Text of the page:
Accessibility links

Breaking News

Russia: Standard Of Living Still Lower A Year After Economic Crisis

This is the second of two features marking the one-year anniversary of the Russian financial meltdown of August 17, 1998. In part two, RFE/RL Moscow correspondent Sophie Lambroschini reports that while average Russians are far from regaining their modest pre-crisis standard of living, many Muscovites have "adapted" to the new circumstances. However, she says that reports from many of Russia's regions indicate life outside the capital is tougher.

Moscow, 12 August 1999 (RFE/RL) -- Right under the Kremlin walls, the Alexandrovsky garden attracts hundreds of Muscovites on sunny weekends for a walk or even the celebration of a wedding. Hot-dog, ice-cream and soft-drink vendors stand shoulder to shoulder. While rented stretch-limousines wait outside the park, newlyweds line up to lay carnations at the tomb of the unknown soldier before swallowing the first of many glasses of champagne. Nothing reflects the economic crisis that hit just one year ago.

However, many of those enjoying a sunny summer day in the garden are quick to tell you that times are hard. They know that since the ruble collapsed and Russian banks gobbled up peoples' savings, the standard of living of the average Russian has fallen by up to 30 percent. And under the appearance of well-being, not much can temper the bitterness they feel.

Yulia, a teacher, and Dimitry, a construction worker, are the parents of a "crisis baby". Misha was born September 7. Before the crisis, Dimitry earned the equivalent of $500 to $600 a month. He and Yulia could afford going out and buying furniture. Now he manages to earn the equivalent of $100, and that is only when he can find work. So for the past year they have spent all their money on food. The couple talked with RFE/RL:

Dimitry: "Of course we had to give up all kinds of achievements of civilization. Pampers and the like.

Yulia: Now we use pampers only in exceptional cases. The rest [of the time] we have to do like in the old days, like our mothers.

Dimitry: It's a step away from civilization.

Yulia: For us it has become more difficult. We used to be part of the middle class and now we are on the brink."

Others, like Natalia Novikova, who sells hot-dogs for 4000 rubles a month -- now roughly $160 -- feel the crisis didn't only hit their consumption but also jeopardized their family's future. Her ruble income has stayed the same even as the ruble has plunged. She says she recently told her son that he would have to drop out of computer school to find work.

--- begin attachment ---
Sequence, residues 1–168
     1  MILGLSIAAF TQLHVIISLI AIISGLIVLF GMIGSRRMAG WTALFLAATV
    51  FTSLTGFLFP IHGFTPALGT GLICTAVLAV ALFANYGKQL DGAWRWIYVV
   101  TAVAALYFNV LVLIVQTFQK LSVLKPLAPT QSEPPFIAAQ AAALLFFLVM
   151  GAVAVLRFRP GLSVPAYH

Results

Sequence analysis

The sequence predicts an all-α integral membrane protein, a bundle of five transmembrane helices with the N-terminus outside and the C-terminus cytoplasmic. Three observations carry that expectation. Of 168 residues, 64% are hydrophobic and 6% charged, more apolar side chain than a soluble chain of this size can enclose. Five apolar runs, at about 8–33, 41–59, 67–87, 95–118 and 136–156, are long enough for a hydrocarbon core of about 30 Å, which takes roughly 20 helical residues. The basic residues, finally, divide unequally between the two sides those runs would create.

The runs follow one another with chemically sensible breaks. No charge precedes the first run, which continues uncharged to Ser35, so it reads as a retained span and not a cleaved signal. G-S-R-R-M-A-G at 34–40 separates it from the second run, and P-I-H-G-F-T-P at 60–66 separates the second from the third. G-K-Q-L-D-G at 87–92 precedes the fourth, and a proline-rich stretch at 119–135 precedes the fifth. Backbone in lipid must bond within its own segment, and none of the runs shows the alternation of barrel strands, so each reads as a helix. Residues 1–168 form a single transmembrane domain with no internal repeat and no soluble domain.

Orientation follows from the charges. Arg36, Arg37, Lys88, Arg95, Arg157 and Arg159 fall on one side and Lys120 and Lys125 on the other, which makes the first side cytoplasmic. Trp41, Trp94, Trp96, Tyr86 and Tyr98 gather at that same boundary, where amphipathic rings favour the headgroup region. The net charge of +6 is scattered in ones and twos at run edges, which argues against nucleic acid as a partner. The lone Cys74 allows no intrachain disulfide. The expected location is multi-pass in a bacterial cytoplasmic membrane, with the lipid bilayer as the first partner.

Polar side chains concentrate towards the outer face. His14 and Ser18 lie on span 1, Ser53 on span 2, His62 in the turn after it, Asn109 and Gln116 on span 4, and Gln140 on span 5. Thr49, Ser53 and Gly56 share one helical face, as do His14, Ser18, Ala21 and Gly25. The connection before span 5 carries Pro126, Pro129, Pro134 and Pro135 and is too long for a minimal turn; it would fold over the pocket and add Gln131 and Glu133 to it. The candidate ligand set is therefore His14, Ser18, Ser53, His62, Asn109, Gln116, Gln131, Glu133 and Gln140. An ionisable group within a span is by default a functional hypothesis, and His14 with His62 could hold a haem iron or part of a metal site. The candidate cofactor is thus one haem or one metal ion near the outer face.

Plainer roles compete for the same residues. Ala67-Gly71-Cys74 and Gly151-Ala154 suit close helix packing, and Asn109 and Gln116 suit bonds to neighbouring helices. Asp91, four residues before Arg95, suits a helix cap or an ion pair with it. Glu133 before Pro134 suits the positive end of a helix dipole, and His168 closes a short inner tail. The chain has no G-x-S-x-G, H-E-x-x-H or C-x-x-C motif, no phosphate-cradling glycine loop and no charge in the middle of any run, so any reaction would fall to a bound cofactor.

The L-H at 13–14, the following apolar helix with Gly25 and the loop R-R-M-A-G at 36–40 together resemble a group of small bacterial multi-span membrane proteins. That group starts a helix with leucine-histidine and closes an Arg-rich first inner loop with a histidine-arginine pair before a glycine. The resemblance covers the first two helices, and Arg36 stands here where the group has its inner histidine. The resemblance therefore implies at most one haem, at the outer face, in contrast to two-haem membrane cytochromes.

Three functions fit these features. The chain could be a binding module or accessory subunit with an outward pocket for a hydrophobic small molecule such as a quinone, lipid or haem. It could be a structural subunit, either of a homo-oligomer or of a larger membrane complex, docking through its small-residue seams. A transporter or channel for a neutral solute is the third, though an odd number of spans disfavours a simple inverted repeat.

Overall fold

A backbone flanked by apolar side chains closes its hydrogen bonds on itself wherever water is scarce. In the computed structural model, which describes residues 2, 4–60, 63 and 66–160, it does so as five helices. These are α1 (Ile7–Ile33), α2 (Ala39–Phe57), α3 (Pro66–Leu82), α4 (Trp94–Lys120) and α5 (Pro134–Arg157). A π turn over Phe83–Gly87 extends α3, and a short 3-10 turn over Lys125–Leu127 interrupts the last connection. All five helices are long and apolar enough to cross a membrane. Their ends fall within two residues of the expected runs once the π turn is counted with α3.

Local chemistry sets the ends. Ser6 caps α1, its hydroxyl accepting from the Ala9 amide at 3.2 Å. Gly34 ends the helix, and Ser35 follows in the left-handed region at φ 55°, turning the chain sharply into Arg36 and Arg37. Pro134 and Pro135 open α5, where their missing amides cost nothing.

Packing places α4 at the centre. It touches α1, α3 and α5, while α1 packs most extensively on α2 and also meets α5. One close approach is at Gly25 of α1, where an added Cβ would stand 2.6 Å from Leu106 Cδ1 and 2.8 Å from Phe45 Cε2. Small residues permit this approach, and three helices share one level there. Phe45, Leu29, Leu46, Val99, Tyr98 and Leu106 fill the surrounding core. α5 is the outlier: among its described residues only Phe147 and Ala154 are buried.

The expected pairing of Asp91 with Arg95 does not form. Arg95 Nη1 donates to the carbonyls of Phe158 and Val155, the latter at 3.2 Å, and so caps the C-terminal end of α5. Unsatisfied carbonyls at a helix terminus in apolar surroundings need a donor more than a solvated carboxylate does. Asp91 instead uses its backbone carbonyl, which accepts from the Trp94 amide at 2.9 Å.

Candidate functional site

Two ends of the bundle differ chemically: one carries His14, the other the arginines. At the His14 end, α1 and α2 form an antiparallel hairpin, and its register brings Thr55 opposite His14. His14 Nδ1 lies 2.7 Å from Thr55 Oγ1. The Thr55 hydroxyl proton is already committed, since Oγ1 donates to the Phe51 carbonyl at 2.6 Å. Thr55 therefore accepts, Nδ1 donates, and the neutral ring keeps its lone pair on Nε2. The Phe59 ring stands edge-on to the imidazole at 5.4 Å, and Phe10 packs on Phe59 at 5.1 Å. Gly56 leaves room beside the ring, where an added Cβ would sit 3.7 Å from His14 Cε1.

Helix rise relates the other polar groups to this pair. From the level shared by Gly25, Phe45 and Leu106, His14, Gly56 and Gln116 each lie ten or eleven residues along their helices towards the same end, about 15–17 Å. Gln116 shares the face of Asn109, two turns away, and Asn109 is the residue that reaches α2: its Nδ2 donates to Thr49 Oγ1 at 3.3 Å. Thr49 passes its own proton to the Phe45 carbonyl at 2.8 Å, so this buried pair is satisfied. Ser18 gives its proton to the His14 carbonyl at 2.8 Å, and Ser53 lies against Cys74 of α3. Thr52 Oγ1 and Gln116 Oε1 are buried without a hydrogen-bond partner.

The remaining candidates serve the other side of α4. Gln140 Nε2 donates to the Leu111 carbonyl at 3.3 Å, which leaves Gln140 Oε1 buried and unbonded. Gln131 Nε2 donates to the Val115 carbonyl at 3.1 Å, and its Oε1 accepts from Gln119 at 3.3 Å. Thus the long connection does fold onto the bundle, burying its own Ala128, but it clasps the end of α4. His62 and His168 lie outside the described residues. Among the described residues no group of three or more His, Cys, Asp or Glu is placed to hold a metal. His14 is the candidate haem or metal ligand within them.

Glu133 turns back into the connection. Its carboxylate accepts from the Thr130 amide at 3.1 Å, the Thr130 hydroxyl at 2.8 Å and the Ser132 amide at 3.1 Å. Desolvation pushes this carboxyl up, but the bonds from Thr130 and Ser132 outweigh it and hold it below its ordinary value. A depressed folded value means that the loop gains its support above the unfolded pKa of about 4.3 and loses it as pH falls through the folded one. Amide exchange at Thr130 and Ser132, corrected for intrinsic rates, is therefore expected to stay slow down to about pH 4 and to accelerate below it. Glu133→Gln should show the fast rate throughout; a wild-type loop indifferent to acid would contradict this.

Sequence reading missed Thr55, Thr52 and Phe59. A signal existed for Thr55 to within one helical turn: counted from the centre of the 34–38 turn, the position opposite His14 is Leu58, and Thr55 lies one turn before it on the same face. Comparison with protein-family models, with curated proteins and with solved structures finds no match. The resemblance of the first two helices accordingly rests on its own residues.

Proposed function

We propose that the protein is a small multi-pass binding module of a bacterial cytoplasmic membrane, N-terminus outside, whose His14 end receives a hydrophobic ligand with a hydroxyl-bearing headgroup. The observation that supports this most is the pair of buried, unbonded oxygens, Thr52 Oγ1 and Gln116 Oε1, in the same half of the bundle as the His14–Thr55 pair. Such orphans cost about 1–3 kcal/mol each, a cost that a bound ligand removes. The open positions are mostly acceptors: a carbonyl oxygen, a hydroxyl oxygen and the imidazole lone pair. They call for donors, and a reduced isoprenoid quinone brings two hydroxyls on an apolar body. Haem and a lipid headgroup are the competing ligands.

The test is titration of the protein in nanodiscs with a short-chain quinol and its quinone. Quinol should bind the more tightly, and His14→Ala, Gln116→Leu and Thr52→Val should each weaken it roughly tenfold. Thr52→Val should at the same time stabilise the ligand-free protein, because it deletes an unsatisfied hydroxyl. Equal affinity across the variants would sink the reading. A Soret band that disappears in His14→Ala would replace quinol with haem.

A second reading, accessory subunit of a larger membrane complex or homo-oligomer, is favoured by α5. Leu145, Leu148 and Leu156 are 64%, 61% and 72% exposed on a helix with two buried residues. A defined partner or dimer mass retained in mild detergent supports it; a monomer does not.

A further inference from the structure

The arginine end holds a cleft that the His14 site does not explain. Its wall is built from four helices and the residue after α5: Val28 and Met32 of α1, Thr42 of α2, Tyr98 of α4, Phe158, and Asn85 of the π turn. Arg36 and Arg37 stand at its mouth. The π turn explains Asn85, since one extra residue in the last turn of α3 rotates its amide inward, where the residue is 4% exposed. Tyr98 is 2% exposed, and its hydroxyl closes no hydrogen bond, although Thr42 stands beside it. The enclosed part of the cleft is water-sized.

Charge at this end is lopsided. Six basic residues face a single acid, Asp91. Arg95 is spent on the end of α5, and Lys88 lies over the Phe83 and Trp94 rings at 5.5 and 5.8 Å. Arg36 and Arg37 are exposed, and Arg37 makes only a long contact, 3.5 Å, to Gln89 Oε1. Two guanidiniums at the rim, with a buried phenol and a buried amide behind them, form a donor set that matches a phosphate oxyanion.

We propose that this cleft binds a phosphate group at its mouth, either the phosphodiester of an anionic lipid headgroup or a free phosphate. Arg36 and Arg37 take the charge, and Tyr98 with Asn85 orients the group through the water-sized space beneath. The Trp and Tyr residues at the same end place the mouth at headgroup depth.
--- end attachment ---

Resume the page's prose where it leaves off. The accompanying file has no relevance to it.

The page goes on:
"My son can't study because I can't pay {for his tuition]. I didn't get a raise. My salary stayed the same."

In Moscow, the collapsing standard of living doesn't mean starvation. Muscovite Olga Pavlovna told our correspondent "It's just that we have come to consider ham as a great delicacy". She adds "we just sacrificed things we got used to and can't afford anymore."

But some say that their lifestyle hasn't changed. Roman, a law-student, says he "just took on two extra jobs."

"There's nothing sad about that, actually. Moscow is a European city. You just have to make an intellectual effort, show some diligence. Then everything will turn out all right."

Analysts say such optimism is representative of the younger generation. And according to Yuri Levada, the main issue is adjusting. Levada, the director of the Russian Center for Public Opinion Research (Vtsiom), says that "adaptation is where Russians excelled this year".

Analyzing opinion polls his center conducts every two months, Levada says that the mood of Russians has stabilized in recent months, or perhaps has even improved slightly. He says that a poll taken just before the crisis showed that 29 percent of respondents said that they could barely make ends meet. He says the percentage of those saying their situation was dire rose to 40 percent in December but then fell to 37 percent in July.

Levada says that several factors explain this slight improvement. The economic catastrophe everyone was expecting did not take place. Also, the economy seems to be getting a little better. However, Levada says that it is difficult to say whether the slight improvement in mood is based on a real improvement in peoples' lives or whether their way of looking at things has changed. Levada says that "Russians still believe that the future holds better times for them than the present." He adds that "People manage to adapt. They want very much to adjust and therefore they have very few expectations. They really long for stability and therefore are ready to find stability in situations where there is practically none."

But in many regions away from Moscow, the situation seems more desperate. Early this month near Ulyanovsk, a middle-sized town about 700 kms southeast of Moscow, two men trying to steal potatoes from a private vegetable plot got caught by the owners. Furious at having lost some twelve potatoes, the owners beat the thieves to death. According to Itar-Tass news agency, last month six would-be thieves were killed in vegetable gardens in the same region.

In a report shown by Russian television ORT, villagers in the Mari-El Ural region complained that rubles have completely disappeared since nobody has a job paid in cash. The report said that Samogon, Russian home-made vodka, has become the local currency.